Political infighting clouds election 

The latest spat in a deep-rooted political rivalry between Mayor Gavin Newsom and his political nemesis Aaron Peskin is having a ripple effect on endorsements in key races for the November election.

Peskin, who now chairs the San Francisco Democratic County Central Committee, last week attempted to keep Newsom off the committee, a powerful local body in deciding which candidates get support during elections.

Newsom is the Democratic nominee for lieutenant governor in the November election, and traditionally he would have been given a seat.

But Peskin dug up a legal loophole in the bylaws that, technically, didn’t guarantee Newsom his seat on the party committee.

This frustrated some members of the committee who felt that Peskin — a left-leaning progressive — was stacking votes in favor of his candidates for supervisor races, essentially putting personal politics above the party.

“I think Aaron Peskin only cares about manipulating seats on the Board of Supervisors,” said Arlo Hale Smith, who has sat on the committee for 28 years. “Peskin thought seating [Newsom] would hurt Rafael [Mandelman] and Debra [Walker], who are his candidates, and that’s the politics behind it.”

On Wednesday, the committee voted to amend the bylaws, effectively giving Newsom his seat on the committee at least until Nov. 2, Election Day. Newsom will only be allowed to keep his seat after that if he’s elected lieutenant governor.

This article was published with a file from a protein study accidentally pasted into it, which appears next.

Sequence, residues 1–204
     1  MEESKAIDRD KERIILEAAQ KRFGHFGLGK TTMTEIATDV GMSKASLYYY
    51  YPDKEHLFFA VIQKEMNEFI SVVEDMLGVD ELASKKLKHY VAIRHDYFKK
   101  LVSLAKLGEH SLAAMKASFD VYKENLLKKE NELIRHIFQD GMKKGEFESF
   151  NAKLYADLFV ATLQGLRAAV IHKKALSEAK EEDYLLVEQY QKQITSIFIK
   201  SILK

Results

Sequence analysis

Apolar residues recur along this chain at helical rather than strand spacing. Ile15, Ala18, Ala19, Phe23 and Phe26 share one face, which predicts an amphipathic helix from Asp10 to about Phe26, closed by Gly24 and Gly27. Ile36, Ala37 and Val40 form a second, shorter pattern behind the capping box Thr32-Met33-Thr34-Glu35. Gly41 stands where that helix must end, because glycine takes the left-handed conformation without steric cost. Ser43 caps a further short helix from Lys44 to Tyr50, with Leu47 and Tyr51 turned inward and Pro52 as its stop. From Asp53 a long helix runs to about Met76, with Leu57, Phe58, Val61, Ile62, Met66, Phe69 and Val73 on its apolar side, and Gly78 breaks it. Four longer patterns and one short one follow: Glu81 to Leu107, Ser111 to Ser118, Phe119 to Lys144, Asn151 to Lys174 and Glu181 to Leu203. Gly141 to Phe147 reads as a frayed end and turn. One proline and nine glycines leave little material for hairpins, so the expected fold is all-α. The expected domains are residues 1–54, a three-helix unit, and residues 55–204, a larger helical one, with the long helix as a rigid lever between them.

Even Peskin-type progressives, including Supervisor David Campos, figured it was only right to give Newsom a seat on the committee for now, Campos said.

Newsom’s victory means one more vote on the committee, bringing the total to 33. And, it shifted the landscape when it comes to the party’s endorsements, especially for two key supervisor races: districts 6 and 8, where committee members are split on who to support in the election, according to members.

The committee will decide on endorsements for the November election Aug. 11. Each member present will cast a vote.  The candidate who gets the majority of votes will receive the party’s endorsement.

For candidates like Scott Wiener, who’s one of three front-runners in the District 8 race, Newsom’s vote on the committee could make or break whether he receives the endorsement, Wiener said.

Peskin has already endorsed Mandelman, and Newsom is endorsing Wiener.

“The supervisor endorsements are very close and many will hinge upon one or two votes,” said Tom Hsieh, who sits on the committee. “So, the mayor getting a seat as the lieutenant governor Democratic nominee will make a difference.”

But Peskin, who represents the progressive wing of the committee, said by his math Newsom’s vote on the committee won’t make or break a majority needed for a candidate to be endorsed.


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